The following editorial first appeared in the Lincoln Journal Star.
As Dr. Drought walked out the door to retirement, he said something that deserves to be emphasized.
“The scientific evidence is overwhelming that climate change is real and that humans are the driving cause,” Don Wilhite said.
This is a sentence that needs to be hammered into the consciousness of Nebraska’s policy makers – starting with the Gov. Pete Ricketts, who mistakenly says the question of what impact man is having on the climate is still unsettled.
There is room for debate on what the proper response should be to rising global temperatures.
But the debate on whether global warming and climate change is occurring and whether human activity is the primary cause is over. Politicians who haven’t kept up need to do their homework, or they’ll find themselves standing in lonely company with members of the flat earth society.
Wilhite earned the Dr. Drought nickname as a world renowned climate scientist and drought expert at the University of Nebraska-Lincoln. His credentials are impeccable. His commitment and contributions to the state are beyond question.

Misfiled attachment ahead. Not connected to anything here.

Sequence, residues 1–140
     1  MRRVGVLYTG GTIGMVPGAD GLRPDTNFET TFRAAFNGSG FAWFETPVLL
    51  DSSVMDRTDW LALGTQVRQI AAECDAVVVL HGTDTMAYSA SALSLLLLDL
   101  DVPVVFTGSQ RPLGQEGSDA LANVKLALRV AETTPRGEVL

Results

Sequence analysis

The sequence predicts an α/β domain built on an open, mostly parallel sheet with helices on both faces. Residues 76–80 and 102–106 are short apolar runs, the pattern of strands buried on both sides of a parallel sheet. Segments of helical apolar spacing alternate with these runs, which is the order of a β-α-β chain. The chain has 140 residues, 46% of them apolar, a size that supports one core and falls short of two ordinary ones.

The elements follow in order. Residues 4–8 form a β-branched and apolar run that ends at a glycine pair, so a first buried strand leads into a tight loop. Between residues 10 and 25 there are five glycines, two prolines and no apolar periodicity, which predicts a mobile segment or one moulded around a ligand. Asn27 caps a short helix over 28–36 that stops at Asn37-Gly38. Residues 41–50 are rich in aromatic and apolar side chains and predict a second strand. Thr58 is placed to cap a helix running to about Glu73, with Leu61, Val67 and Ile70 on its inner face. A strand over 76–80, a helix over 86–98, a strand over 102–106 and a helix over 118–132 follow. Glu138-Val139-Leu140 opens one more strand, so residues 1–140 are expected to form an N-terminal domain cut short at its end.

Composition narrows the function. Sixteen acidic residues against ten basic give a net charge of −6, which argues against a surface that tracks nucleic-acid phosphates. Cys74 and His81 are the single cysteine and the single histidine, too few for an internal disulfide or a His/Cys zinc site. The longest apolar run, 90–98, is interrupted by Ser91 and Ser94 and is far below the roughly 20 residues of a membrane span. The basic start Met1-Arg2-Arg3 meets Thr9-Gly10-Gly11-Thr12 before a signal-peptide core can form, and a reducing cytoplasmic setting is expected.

Wilhite was a driving force in the creation of the UNL’s Drought Information Center, the founding director of the National Drought Mitigation Center and the former director of UNL’s School of Natural Resources.
So what Wilhite says cannot be ignored. And it’s important to recognize that the any skeptics with scientific credentials are on the outer fringe of respectability, amounting to perhaps 3 percent of the total.
To cite just one recent statement from the overwhelming majority, consider a letter sent to Congress in June from more than 30 scientific organizations including the American Meteorological Society, the Crop Science Society of America, the American Institute of Biological Sciences, American Society of Agronomy and the Soil Science Society of America.
“Observations throughout the world make it clear that climate change is occurring and rigorous scientific research concludes that the greenhouse gases emitted by human activities are the primary driver.”
Last year was the hottest on record. And 2016 is on track to be even hotter. Every climate observatory in the world now reports that greenhouse gases are now at a higher level than any time in the last four million years. At the start of the industrial revolution carbon dioxide was at about 280 parts per million. Now every location that monitors carbon dioxide – from Greenland to the South Pole, reports levels exceeding 400 parts per million.
Dr. Drought and his scientific colleagues have done much to benefit Nebraska agriculture and the state over the years. It’s past time for Nebraska’s elected officials to accept their consensus on global warming and climate change. Instead, jump-start the discussion on how to cope.